The controversial aerial art taking the country by storm has been provisionally recognized as a sport

[Sian Elvin | Kent Live]

It has commonly been associated with strip clubs and stag parties, but pole dancing has taken the country by storm as a real fitness trend in recent years.

Usually referred to as just ‘pole’, the controversial aerial art has been recognised by an international sporting body for the first time – and could even feature in the Olympics in the future.

It has been given ‘observer status’ by the Global Association of International Sports Federation, which means it is provisionally recognised as a sport.

And with the activity growing in popularity and studios popping up all over the county, Kent Live asked pole instructors what they think about the news.

Hannah Selden runs fitness school Pole Dynamics in Tunbridge Wells and Maidstone, and also won the professional category at the Kent Pole Championships in the Margate Winter Gardens this year.

“Pole fitness becoming a sport is a huge step forward in many ways for the pole industry,” she said.

“Pole fitness becoming a sport is a huge step forward in many ways for the pole industry."

— Hannah Selden

“We as a community have fought long and hard to become recognized in the fitness industry for something more than just six-inch heels and teeny tiny shorts.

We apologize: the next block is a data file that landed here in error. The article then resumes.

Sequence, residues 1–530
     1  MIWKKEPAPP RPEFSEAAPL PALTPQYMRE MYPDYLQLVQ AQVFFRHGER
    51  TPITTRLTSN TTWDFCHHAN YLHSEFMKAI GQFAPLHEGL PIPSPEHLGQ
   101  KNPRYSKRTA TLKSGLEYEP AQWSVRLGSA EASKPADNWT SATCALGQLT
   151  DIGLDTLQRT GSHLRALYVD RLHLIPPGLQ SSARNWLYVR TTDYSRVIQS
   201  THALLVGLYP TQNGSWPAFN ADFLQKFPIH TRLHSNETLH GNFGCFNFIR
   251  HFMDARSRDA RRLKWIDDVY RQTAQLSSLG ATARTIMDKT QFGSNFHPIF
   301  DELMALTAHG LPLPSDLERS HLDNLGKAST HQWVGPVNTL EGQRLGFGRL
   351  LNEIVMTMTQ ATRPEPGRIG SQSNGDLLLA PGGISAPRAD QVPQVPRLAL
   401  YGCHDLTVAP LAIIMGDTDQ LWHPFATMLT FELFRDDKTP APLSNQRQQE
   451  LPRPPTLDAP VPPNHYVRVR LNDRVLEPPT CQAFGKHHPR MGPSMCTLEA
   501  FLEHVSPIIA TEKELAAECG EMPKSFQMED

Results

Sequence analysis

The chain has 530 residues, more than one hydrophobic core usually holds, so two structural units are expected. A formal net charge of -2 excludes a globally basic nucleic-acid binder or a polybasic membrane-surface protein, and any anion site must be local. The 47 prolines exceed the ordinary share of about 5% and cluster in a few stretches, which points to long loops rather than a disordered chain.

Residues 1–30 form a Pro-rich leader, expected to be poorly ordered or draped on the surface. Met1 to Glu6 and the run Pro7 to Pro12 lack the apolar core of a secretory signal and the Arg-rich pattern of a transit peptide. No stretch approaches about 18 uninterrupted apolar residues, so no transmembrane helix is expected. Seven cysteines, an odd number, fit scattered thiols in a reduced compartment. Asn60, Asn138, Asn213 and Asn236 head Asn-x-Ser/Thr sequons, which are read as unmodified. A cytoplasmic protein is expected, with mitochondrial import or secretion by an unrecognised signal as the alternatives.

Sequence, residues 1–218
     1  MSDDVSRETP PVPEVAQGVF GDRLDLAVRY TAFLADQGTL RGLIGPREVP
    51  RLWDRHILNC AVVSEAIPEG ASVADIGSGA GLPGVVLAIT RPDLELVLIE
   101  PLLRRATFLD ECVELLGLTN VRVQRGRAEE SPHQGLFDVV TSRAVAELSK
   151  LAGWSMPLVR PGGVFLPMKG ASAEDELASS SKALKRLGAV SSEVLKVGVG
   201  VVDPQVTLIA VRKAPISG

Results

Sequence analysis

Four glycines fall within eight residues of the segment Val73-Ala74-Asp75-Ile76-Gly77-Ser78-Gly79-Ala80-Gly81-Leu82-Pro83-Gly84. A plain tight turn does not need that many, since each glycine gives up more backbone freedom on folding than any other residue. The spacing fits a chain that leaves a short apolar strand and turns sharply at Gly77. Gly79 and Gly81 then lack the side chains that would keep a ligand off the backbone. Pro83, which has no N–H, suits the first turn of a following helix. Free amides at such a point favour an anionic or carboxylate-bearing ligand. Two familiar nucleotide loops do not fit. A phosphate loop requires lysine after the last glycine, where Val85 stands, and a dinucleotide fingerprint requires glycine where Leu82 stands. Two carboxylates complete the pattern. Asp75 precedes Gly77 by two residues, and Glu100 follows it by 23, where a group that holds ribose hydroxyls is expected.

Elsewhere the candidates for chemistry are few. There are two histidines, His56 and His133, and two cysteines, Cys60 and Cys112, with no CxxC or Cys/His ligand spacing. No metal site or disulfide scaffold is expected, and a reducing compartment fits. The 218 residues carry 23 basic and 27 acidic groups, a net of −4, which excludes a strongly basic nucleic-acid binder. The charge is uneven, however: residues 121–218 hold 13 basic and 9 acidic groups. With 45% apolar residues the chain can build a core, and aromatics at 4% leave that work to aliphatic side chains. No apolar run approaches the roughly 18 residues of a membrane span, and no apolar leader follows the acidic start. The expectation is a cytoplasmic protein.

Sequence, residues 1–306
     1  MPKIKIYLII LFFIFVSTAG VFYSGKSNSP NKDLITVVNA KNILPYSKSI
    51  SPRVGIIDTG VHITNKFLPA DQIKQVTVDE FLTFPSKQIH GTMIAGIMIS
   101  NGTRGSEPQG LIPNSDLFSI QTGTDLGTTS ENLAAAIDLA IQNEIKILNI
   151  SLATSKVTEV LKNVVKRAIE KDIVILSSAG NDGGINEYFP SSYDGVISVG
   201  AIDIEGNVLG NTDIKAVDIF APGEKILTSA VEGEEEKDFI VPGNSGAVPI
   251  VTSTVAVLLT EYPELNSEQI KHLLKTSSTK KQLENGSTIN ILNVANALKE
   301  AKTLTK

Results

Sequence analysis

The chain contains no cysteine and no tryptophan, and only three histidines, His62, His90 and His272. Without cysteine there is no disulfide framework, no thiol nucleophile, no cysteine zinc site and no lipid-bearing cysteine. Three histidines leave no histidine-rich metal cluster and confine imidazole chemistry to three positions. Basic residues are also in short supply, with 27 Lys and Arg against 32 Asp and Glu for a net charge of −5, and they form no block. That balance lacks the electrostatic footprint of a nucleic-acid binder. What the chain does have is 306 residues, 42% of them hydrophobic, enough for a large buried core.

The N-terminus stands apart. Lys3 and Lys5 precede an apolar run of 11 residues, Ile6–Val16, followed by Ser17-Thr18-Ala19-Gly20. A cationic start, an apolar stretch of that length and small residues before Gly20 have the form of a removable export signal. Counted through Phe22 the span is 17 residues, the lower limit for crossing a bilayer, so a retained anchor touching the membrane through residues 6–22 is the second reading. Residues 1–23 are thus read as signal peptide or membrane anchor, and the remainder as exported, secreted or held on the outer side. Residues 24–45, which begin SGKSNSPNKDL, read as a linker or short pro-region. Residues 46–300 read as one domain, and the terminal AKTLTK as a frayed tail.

“It would be absolutely incredible if we are finally taken more seriously for the sport we have evolved into.

“Some amazingly talented polers worldwide still dance in the more traditional style, however generally speaking, most schools focus on the fitness strand of pole dancing.”

“It's great to see pole being highlighted in the media for the fantastic form of exercise and dance expression that it is."

— Lisa-Jessica White

Lisa-Jessica White owns Elements Studio in Ashford, which hosts a variety of aerial sports including pole fitness, aerial hoop and trapeze.

“Pole fitness has evolved so much over the last few years, in many different directions and I’m excited at the prospect of pole being recognized as an Olympic sport in the future,” said the instructor, who in 2016 won the same title as Mrs Selden in the Kent Pole Championships.

“It’s great to see pole being highlighted in the media for the fantastic form of exercise and dance expression that it is.

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